Three months after Sanofi-Aventis SA took its $18.5 billion Genzyme Corp. bid hostile, the chief executives of both companies say talks are progressing, with a potential special payment tied to the success of a new drug.
“This is not a war,” Genzyme Chairman and Chief Executive Officer Henri Termeer said in an interview yesterday at the J.P. Morgan Healthcare Conference in San Francisco. At the beginning, “it was a little bit tense. But it never deteriorated; it actually improved. We found a way to talk.”
As recently as October, the two chiefs were combative in their descriptions of talks. Sanofi said Termeer had “blocked at every turn” efforts to negotiate, in an Oct. 4 statement after the Paris-based drugmaker announced the offer. Genzyme that month called the offer “inadequate and opportunistic.” Now, talks are more cordial, focusing on a so-called contingent value right, or supplemental fee, if Genzyme can market its cancer drug alemtuzumab for a new use in multiple sclerosis.
“It’s pretty encouraging,” Lionel Melka, co-manager of Paris-based Bernheim, Dreyfus & Co.’s Diva Synergy Fund, an event-driven fund focused on acquisition targets and an owner of Genzyme shares, said in a telephone interview today. “Genzyme is resigned; they don’t really have other options. Sanofi has the financing in place. The discussions are going in the good direction.”
Termeer, in yesterday’s interview, said that there is value for both sides to do a deal “in a negotiated manner.” A proxy battle, in which Sanofi would aim to replace Genzyme’s board of directors, “is unattractive to everybody,” he said.
Genzyme was unchanged at $72.34 at 4 p.m. New York time in Nasdaq Stock Market trading today. The shares have traded above Sanofi’s $69-a-share offer since Sanofi made its bid public in August, and have gained 34 percent since July 22, the last day of trading before the buyout interest was first reported.
Sanofi rose 1.81 euros, or 3.7 percent, to 51.25 euros in Paris, the biggest gain since May 10.
Sanofi, France’s largest drugmaker, has made 37 acquisitions in the last five years with an average size of $1.6 billion, according to Bloomberg data. The company is seeking ways to replace revenue it will lose as some of its biggest- selling products, such as the blood thinner Plavix and the cancer drug Taxotere, face competition from generic medicines.
Genzyme’s drugs are less likely to face generic competitors because they’re made from living cells and are harder to copy than pills made from chemicals. The U.S. Food and Drug Administration designated the therapies as orphan drugs because they’re for diseases without other treatment options, giving them more patent protection.
Termeer said yesterday that a special payment plan based on the value of alemtuzumab needs to be negotiated before a sale price is struck with Sanofi, and that $69 a share even with the potential for added payments isn’t enough.
“We’ve been very clear that $69 is not a starting point, and that’s still the same today,” Termeer said. The $69-a-share bid, even with an added CVR, is “not a starting point” for further discussions, he said. “There is a wish on both sides to understand it -- then we can talk about the broader context.”
Sanofi went directly to shareholders of the Cambridge, Massachusetts-based biotech with its $69-a-share bid in October after Genzyme rejected the offer as too low. The companies said Jan. 10 that their financial advisers and other representatives from both firms had met to discuss a so-called contingent value right plan, or CVR, related to milestones for Genzyme’s MS drug.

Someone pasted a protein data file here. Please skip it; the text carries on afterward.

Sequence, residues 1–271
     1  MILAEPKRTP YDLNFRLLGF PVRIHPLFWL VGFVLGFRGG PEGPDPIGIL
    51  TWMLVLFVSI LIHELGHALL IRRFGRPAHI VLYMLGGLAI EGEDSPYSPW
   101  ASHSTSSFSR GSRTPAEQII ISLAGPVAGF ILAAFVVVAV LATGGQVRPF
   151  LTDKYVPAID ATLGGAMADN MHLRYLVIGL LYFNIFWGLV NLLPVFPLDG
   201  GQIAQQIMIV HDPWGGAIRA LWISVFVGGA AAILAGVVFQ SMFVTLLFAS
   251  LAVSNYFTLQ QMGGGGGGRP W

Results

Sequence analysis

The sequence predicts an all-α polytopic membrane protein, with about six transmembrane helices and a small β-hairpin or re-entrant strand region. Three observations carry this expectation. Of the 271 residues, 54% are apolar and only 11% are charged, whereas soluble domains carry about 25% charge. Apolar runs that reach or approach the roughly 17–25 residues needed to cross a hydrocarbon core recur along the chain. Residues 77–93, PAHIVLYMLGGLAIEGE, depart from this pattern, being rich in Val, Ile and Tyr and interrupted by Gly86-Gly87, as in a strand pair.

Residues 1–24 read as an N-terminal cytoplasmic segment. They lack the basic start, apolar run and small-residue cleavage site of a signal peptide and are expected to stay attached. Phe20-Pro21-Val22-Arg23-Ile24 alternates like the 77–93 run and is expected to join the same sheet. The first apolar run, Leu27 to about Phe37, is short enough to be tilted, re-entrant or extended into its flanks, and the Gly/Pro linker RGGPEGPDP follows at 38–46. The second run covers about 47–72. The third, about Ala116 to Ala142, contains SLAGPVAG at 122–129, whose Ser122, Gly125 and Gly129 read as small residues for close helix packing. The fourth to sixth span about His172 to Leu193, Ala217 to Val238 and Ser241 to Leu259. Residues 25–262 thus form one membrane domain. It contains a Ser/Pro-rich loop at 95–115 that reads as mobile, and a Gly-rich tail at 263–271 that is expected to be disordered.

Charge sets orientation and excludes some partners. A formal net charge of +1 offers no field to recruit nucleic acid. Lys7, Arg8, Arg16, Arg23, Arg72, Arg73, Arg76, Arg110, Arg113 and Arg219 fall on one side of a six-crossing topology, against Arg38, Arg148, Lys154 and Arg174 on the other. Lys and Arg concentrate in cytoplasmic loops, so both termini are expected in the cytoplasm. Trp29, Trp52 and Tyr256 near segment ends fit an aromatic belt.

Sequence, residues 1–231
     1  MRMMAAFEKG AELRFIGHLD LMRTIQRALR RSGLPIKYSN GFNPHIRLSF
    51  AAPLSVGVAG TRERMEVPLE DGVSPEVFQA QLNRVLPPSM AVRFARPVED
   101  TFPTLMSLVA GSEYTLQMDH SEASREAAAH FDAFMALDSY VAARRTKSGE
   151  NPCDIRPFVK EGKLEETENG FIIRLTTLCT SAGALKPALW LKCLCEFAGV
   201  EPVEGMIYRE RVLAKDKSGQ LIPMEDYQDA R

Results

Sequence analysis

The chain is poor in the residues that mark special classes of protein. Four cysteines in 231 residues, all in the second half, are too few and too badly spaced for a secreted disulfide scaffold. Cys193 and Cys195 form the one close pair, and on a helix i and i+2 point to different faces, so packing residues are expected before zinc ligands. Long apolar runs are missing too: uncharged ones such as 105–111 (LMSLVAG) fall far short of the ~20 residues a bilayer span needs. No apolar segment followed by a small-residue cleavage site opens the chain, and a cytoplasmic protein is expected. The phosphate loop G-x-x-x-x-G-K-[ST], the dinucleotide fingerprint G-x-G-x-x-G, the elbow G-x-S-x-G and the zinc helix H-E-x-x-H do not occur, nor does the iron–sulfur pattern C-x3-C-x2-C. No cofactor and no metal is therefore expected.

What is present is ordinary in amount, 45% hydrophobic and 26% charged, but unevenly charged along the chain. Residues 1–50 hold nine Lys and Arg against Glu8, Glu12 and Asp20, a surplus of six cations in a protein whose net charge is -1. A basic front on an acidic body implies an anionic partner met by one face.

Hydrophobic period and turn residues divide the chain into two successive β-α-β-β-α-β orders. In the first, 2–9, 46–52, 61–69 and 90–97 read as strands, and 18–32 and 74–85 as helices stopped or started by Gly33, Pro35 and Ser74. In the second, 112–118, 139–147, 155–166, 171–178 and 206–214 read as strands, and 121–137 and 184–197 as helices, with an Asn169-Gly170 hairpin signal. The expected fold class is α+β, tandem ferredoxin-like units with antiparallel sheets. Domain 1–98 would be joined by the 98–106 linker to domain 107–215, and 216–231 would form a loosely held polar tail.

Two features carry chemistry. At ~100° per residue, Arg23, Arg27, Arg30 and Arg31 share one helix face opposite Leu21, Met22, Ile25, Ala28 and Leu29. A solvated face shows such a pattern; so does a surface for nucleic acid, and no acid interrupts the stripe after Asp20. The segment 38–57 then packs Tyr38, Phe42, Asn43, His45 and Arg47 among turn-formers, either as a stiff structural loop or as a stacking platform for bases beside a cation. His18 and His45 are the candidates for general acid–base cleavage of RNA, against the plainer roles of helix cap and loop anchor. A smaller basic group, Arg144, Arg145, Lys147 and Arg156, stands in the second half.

European Union antitrust regulators today approved the proposed deal. The acquisition wouldn’t harm competition in the 27-nation region, the European Commission said in an e-mailed statement.
A ‘Deal in the U.S.’
Sanofi CEO Chris Viehbacher said yesterday at the same conference that expanding in the U.S. is critical.
“Everyone’s busy talking about India and China, but you can’t write off the United States,” Viehbacher said. “It’s become important for us to do a deal in the U.S. and also to balance out the geographies a bit.”
Genzyme has projected peak sales of $3.5 billion for alemtuzumab, known as Campath in the blood cancer indication and which would be sold as Lemtrada if approved for multiple sclerosis. Sanofi has cited analysts’ estimates of about $700 million.
“We’re very focused in discussions around the CVR,” Termeer said in the interview. “So there is progress in that regard.” He said he hasn’t met with Viehbacher specifically about the bid over the past several weeks, though they have discussed other matters.
During his presentation at the conference, Viehbacher said that he doesn’t know “how far we’ll get” with the takeover attempt. The deal must make sense for shareholders of both companies, he said.
In the Audience
Termeer was in the audience for Viehbacher’s presentation, and afterward said in an interview that he believed there could be a fit between the companies.
“He has a health-care conglomerate, and that’s one way when you are in this business to be able to afford to be an innovator, because he earns money,” Termeer said. “Those earnings can be dedicated to doing truly remarkable things from a health-care contribution point of view, including doing the things that we do.
“I don’t see a conflict in being a diverse enterprise that earns profits that they can invest in important medical contributions,” he said.
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